Cordes has rebounded well from a disastrous Worlds debut in 2013, when he disqualified the U.S. men’s medley relay team by taking off .01 too early in the final. Cordes also was disqualified from the 2014 Pan Pacific Championships 100m breast final after trying to take off his goggles during the race because they filled with water.

In the women’s 200m breast, Japan’s Kanako Watanabe overtook Danish world-record holder Rikke Moller Pedersen in the final 50 meters, winning in 2:21.15. American Micah Lawrence earned silver, 1.29 seconds behind. Lawrence was the bronze medalist in 2013.

Pedersen, China’s Shi Jinglin and Spain’s Jessica Vall tied for bronze Friday. It’s the first time five swimmers won medals in an individual swimming event at an Olympics or World Championships.

In semifinals Friday, Nathan Adrian broke Cullen Jones’ American 50m freestyle record to lead all qualifiers into Saturday’s eight-man final. Adrian, the Olympic 100m free champion, finished a disappointing seventh in the 100m free Thursday.

Tom Shields was the No. 2 qualifier into Saturday’s 100m butterfly final, behind Hungary’s Laszlo Cseh and in front of defending World champion Chad le Clos of South Africa.

Earlier Friday, Katie Ledecky clocked the fastest qualifying time into Saturday’s 800m freestyle final. If she wins gold, she will become the first swimmer to sweep the 200m, 400m, 800m and 1500m frees at a Worlds. She will also become the third swimmer to win four individual golds at a single Worlds, joining Lochte and Phelps.

10-year-old girl swims at World Championships

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Women’s 100m Freestyle
Gold: Bronte Campbell (AUS) -- 52.52
Silver: Sarah Sjostrom (SWE) -- 52.70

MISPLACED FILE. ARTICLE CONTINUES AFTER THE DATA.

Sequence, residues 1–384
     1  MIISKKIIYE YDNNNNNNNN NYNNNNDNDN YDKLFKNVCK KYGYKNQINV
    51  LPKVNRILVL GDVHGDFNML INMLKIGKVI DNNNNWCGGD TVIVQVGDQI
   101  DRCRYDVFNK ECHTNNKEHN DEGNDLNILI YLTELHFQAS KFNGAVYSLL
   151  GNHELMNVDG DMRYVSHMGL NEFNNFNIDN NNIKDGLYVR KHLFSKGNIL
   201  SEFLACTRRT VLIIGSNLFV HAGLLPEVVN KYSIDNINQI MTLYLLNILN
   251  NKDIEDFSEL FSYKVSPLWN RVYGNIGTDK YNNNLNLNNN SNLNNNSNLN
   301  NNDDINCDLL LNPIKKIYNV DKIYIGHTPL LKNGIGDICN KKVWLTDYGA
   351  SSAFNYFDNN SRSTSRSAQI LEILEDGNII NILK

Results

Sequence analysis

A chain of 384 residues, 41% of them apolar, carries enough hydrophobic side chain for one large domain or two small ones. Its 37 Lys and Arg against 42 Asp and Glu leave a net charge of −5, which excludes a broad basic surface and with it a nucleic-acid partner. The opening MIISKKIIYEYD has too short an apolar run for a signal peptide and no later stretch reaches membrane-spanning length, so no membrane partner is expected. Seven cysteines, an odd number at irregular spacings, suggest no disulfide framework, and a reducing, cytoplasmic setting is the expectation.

Bronze: Cate Campbell (AUS) -- 52.82
4. Ranomi Kromowidjojo (NED) -- 53.17
5. Femke Heemskerk (NED) -- 53.58
6. Simone Manuel (USA) -- 53.93
7. Missy Franklin (USA) -- 54.00
8. Shen Duo (CHN) -- 54.76

Men’s 200m Backstroke
Gold: Mitch Larkin (AUS) -- 1:53.58
Silver: Radoslaw Kawecki (POL) -- 1:54.55
Bronze: Yevgeny Rylov (RUS) -- 1:54.60
4. Ryosuke Irie (JPN) -- 1:54.81
5. Ryan Murphy (USA) -- 1:55.00
6. Xu Jiayu (CHN) -- 1:55.20
7. Tyler Clary (USA) -- 1:56.26
8. Li Guangyuan (CHN) -- 1:56.79

Women’s 200m Breaststroke
Gold: Kanako Watanabe (JPN) -- 2:21.15
Silver: Micah Lawrence (USA) -- 2:22.44
Bronze: Rikke Moller Pedersen (DEN) -- 2:22.76
Bronze: Shi Jinglin (CHN) -- 2:22.76
Bronze: Jessica Vall (ESP) -- 2:22.76
6. Rie Kaneto (JPN) -- 2:23.19
7. Vitalina Simonova (RUS) -- 2:23.59
8. Kierra Smith (CAN) -- 2:23.61

Men’s 200m Breaststroke
Gold: Marco Koch (GER) -- 2:07.76
Silver: Kevin Cordes (USA) -- 2:08.05
Bronze: Daniel Gyurta (HUN) -- 2:08.10
4. Andrew Stephen Willis (GBR) -- 2:08.52
5. Yasuhiro Koseki (JPN) -- 2:09.12
6. Dmitriy Balandin (KAZ) -- 2:09.58
7. Anton Chupkov (RUS) -- 2:09.96
8. Mao Feilian (CHN) -- 2:10.02

Men’s 4x200m Freestyle Relay
Gold: Great Britain -- 7:04.33
Silver: U.S. -- 7:04.75
Bronze: Australia -- 7:05.34
4. Russia -- 7:06.89
5. Germany -- 7:09.01
6. Belgium -- 7:09.64
7. Netherlands -- 7:09.75
8. Poland -- 7:10.34